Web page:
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UCTV Documentary Features UCSF in "A Dose of Hope" for Parkinson's Patients

January 24, 2011 A documentary debuting today shows how UCSF researchers are using innovative multidisciplinary treatment strategies for patients living with Parkinson’s disease.

Cell of origin for brain tumors may predict response to therapy

December 14, 2010 For patients with glioma, the most common primary brain tumor, new findings may explain why current therapies fail to eradicate the cancer. A UCSF-led team of scientists has identified for the first time that progenitor rather than neural stem cells underly a type of glioma called oligodendroglioma.

Medal in Hand, Prusiner's Sights Are on Conquering Brain Diseases

November 19, 2010 UCSF’s Stanley Prusiner, who received the National Medal of Science from President Barack Obama on Wednesday, urges today’s students to become the next generation of scientists.

UCSF team controls zebrafish heart rate with optical pacemaker

November 15, 2010 UCSF researchers have for the first time shown that an external optical pacemaker can be used in a vertebrate to control its heart rate.

Prusiner NYT Op-Ed calls for Alzheimer's research funds

November 09, 2010 UCSF Nobel laureate Stanley Prusiner, MD, and colleagues have called for Congress to more than quadruple annual federal funding for Alzheimer’s research, saying that with a dedicated effort, there is a chance for a breakthrough against the disease by 2020.

Gallo Center researchers find potential new drug target for alcohol addiction

November 01, 2010 Rapamycin, an FDA-approved drug prescribed to prevent the rejection of transplanted organs, has been shown for the first time to decrease excessive alcohol consumption, binge drinking, and alcohol-seeking behavior in rodents.

UCSF Stem-Cell Based Neurological, Liver Therapy Strategies Advanced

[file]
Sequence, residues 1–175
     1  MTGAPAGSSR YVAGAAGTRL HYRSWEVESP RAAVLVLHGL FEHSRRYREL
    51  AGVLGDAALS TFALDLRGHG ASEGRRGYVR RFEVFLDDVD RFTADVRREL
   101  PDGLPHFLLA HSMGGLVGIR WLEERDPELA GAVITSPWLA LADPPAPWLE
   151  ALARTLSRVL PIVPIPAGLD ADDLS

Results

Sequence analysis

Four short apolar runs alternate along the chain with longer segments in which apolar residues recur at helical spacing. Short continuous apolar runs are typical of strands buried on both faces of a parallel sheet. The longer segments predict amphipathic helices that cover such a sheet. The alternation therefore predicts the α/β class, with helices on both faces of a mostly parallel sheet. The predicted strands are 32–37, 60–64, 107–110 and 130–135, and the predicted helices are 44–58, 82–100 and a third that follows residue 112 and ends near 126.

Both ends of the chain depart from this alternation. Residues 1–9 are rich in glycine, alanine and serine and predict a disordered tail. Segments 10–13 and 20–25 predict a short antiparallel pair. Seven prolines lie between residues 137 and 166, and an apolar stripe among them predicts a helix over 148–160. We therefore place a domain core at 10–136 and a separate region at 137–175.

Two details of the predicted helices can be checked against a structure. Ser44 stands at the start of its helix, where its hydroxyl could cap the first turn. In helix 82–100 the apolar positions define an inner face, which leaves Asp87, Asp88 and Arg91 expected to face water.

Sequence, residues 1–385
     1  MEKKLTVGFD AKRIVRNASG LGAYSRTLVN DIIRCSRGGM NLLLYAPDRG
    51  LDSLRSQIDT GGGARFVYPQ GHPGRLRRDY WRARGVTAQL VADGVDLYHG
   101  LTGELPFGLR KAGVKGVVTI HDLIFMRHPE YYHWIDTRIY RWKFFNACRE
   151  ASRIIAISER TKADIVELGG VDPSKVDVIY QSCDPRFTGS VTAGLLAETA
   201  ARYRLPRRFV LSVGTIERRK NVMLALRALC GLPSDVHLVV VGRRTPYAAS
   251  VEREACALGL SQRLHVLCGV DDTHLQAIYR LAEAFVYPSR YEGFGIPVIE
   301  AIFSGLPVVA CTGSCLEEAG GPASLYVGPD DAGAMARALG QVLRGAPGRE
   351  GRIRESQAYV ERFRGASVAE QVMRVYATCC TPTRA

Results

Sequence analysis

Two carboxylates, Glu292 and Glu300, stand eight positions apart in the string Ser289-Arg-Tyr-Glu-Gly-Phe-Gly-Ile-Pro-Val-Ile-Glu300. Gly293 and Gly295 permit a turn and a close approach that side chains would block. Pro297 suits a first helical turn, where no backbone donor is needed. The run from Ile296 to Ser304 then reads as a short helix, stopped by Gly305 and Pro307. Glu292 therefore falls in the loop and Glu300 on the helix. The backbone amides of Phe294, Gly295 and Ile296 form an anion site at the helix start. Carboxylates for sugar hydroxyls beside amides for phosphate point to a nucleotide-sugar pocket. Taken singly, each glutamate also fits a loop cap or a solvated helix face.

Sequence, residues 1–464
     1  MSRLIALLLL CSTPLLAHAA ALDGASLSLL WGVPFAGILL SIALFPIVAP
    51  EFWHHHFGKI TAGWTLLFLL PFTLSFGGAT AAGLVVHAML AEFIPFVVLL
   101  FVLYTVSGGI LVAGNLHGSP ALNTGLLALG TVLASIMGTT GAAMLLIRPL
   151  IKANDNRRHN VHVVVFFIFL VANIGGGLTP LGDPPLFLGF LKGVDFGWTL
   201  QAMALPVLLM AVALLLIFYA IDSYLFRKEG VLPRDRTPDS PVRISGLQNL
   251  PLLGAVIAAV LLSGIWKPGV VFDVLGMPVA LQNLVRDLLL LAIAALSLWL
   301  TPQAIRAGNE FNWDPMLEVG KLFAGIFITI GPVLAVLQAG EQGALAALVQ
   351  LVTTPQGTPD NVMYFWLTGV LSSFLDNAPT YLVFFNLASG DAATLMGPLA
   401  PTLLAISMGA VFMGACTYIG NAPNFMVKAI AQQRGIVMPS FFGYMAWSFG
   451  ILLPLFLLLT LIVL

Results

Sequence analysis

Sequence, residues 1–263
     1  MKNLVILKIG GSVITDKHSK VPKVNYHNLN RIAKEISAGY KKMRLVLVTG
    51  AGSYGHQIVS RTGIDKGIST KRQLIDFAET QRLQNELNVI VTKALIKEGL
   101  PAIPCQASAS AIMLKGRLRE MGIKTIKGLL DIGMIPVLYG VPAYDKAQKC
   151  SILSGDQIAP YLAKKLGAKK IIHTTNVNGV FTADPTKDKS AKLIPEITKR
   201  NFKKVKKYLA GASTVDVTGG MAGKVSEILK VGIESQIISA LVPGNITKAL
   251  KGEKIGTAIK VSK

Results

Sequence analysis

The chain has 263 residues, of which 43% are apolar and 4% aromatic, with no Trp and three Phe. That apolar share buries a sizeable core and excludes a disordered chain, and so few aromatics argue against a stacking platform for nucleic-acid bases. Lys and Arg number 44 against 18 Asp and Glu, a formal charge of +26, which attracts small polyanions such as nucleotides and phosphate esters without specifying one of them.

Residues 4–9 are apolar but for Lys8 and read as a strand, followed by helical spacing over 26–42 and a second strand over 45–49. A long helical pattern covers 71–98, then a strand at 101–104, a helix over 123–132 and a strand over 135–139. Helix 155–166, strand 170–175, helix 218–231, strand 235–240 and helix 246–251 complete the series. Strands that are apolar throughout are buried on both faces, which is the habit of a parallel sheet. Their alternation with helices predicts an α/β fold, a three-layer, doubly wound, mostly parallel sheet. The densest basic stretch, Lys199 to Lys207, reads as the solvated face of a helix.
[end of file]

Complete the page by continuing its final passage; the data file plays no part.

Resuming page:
October 22, 2010 UCSF scientists have received two grants from the California Institute for Regenerative Medicine to refine their human embryonic stem cell-based strategies for treating neurological diseases and liver failure.

Parkinson's Disease Protein Impedes Nerve Signaling Long Before Brain Cells Die

October 04, 2010 Synuclein is a protein that can cause Parkinson’s disease, although it is not clear how. UCSF researcher Robert Edwards, MD, now has discovered that synuclein can affect signal transmission between nerve cells long before disease symptoms arise.

High-dose aspirin reduces pain for severe headache and migraine

September 21, 2010 An inexpensive, hundred-year-old therapy for pain – aspirin – is effective in high doses for the treatment of severe headache and migraine caused by drug withdrawal, according to a new study by researchers with the UCSF Headache Center.

Symposium to Highlight Prospects, Challenges of Translating Stem Cell Science into Future Therapies

August 30, 2010 UCSF is co-sponsoring a symposium on September 27 and 28 to provide scientists and physicians with the “nuts and bolts” of translating stem cell science into cell-based products for clinical trials.

Proteins Linked with Alzheimer's, Other Neurodegenerative Diseases Found to Clump in Normal Aging

August 10, 2010 In neurodegenerative diseases, clumps of insoluble proteins appear in patients’ brains. These aggregates contain proteins that are unique to each disease, such as amyloid beta in Alzheimer’s disease, but they are intertwined with small amounts of many other insoluble proteins that are normally present in a soluble form in healthy young individuals.

Memory and Aging Center Examines Artistic Expression Among Patients

July 27, 2010 Scientists at the MAC hope to gain a greater understanding of the creative brain by studying patients who are now making wonderful works of art in the face of their illnesses.

Brain training reverses age-related cognitive decline

July 19, 2010 Specialized brain training targeted at the regions of a rat’s brain that process sound reversed many aspects of normal, age-related cognitive decline and improved the health of the brain cells, according to a new study from researchers at UCSF.

Brain fitness program study reveals visual memory improvement in older adults

July 14, 2010 A commercial brain fitness program has been shown to improve memory in older adults, at least in the period soon after training. The findings are the first to show that practicing simple visual tasks can improve the accuracy of short-term, or “working” visual memory.

Veterans Health Research Institute Presents Brain at War Conference Today

June 17, 2010 The Veterans Health Research Institute or NCIRE will present “The Brain at War: Neurocognitive Consequences of Combat” today (June 17).